If we looked at which schools had the highest absolute performance on statewide standardized tests in 2016-17, we would find that many schools follow the socioeconomic trends across Oakland. Some notable exceptions: Downtown Charter, Oakland Charter High, and Lighthouse High, who serve students in the Fruitvale/San Antonio/East Oakland serving mostly FRL students and getting excellent results.
Figure 1. Oakland public schools with 70% or higher proficiency as measured by SBAC in 2016-17.
Dark Blue = Both ELA and Math. Light Blue = Either ELA or Math only.
Focusing just on proficiency can be a misleading sole indicator of academic excellence, especially considering many Oakland students enter the classroom far behind grade level. It’s important to analyze how well a school helps their students grow and/or “beat the odds.”
So I created a set of criteria using SBAC scores in different ways to sift out “hidden gems:” schools who might not have super-high absolute proficiency rates (yet) but are doing a great job particularly for the most vulnerable students.
Criteria for “knocking it out of the park” on growing their students and beating the odds:
- Blue level growth on average on CA Dashboard. This translates to 91+ growth percentile statewide, a comparison set that ranges from Piedmont to LA schools.
- CCSA SSM ranking of 7+. Students’ proficiency rates are above the 70th percentile compared to California schools with similar demographics. This analysis replicates the approach used by the state of CA several years ago.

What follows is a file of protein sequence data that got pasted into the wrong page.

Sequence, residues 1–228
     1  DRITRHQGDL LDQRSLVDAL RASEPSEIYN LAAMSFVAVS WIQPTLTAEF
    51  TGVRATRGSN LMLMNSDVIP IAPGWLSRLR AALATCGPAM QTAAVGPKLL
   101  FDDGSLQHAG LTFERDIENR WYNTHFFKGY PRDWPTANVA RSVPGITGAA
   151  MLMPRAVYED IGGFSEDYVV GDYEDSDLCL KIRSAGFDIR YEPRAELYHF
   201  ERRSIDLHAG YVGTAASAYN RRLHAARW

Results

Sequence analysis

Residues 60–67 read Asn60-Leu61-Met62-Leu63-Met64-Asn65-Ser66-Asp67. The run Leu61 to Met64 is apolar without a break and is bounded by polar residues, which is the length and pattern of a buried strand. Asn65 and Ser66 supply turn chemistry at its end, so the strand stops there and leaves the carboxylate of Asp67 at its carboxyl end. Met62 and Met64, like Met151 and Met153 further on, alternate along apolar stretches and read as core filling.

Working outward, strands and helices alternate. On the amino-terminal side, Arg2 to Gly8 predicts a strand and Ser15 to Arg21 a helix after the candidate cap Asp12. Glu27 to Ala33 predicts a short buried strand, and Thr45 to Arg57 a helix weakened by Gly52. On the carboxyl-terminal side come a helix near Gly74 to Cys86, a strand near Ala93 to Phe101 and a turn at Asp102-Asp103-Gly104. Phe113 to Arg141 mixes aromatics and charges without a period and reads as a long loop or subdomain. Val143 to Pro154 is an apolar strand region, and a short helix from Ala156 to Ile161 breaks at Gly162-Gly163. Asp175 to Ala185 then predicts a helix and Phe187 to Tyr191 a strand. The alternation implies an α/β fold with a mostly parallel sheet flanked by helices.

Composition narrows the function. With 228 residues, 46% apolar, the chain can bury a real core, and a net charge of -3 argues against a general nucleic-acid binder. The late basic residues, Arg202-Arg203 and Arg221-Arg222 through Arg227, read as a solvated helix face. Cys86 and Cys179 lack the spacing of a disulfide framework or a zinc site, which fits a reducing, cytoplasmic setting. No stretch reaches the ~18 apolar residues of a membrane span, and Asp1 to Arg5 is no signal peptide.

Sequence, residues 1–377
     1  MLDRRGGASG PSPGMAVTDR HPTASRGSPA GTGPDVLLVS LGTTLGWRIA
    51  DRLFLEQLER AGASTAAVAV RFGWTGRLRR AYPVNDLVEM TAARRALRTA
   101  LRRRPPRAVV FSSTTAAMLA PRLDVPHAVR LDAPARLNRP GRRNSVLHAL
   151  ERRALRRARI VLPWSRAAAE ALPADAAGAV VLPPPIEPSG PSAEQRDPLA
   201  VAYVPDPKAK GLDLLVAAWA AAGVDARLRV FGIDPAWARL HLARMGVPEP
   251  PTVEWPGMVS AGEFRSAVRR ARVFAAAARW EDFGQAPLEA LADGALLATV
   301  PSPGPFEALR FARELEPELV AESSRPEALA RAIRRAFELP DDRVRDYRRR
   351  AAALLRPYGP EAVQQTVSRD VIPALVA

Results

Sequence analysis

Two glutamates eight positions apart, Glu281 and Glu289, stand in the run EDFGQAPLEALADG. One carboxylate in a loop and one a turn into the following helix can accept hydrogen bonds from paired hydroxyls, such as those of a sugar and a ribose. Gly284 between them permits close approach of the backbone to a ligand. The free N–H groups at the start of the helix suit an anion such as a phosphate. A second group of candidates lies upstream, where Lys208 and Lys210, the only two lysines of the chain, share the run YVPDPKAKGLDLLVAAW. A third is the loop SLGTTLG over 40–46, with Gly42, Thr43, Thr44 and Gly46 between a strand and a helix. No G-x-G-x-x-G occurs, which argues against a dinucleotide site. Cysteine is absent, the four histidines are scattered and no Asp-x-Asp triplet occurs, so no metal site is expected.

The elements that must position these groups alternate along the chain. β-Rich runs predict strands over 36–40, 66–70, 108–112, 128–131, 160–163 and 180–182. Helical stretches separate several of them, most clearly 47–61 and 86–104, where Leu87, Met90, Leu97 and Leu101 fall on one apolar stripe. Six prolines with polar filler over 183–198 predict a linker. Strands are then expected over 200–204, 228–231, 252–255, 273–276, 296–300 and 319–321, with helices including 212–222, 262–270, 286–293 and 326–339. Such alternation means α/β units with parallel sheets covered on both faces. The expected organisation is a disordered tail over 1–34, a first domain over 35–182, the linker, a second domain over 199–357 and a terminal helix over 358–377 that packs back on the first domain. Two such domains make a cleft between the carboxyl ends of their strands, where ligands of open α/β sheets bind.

- No huge inequities exist. Schools must be growing their different subgroups, particularly those historically underserved, at similar rates to be equitable. To receive an “None” for inequities rating, a school must be closing the proficiency gap for all numerically significant subgroups.
- Growth in both English Language Arts and Math. Schools must be growing students in both categories.
- Grades 3-8 only: It’s hard to gauge growth for high school students using SBAC because only 11th grade is tested, and comparing this year’s 11th graders to last year’s 11th graders doesn’t accurately reflect student growth.
- Subgroup data availability: To qualify as a publicly trackable subgroup at the school, there must be more than 10 students in the subgroup in order protect student privacy in public data. Most schools have some subgroups based on race and income level. Many schools also have subgroups for English Language Learners, Students with Special Needs, and Foster Children.
After this list of crazy hard criteria, 3 schools meet these requirements: (in alphabetical order)
- Aspire Golden State (6-12)
- Aspire Monarch (TK-5)
- Coliseum College Prep Academy (6-12)
- Aspire Lionel Wilson (6-12)
- Aspire Triumph Tech (TK-5)
- Bay Area Technology (6-12)
- MPA Lower (TK-5)
- Oakland Charter Academy (6-8)
- Thornhill Elementary (K-5)
- For no inequities in one of the two academic categories: ASCEND (K-8), EnCompass (K-5), Esperanza (K-5), MPA Upper (6-12)
- For particularly growing African-Americans: Aspire Golden State, BayTech, CCPA, Encompass (ELA only), MPA Lower (Math only), Thornhill (ELA only)
Though the first rounds of enrollment has passed, I still encourage families to dig deeper into the data behind their school, especially for families of color, to better inform and impact their future school’s decision making body. (FYI, if you haven’t submitted an enrollment application already, second round applications are available). A fellow data nerd has looked at some schools in Oakland that are getting great results for students of color. Hopefully this blog post helps us celebrate how fast some of our students and schools are growing!